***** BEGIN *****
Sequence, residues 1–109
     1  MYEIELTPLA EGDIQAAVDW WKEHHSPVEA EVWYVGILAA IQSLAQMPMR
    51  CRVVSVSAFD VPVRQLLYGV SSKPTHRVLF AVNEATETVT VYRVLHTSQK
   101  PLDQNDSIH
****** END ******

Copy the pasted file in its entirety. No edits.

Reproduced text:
Sequence, residues 1–109
     1  MYEIELTPLA EGDIQAAVDW WKEHHSPVEA EVWYVGILAA IQSLAQMPMR
    51  CRVVSVSAFD VPVRQLLYGV SSKPTHRVLF AVNEATETVT VYRVLHTSQK
   101  PLDQNDSIH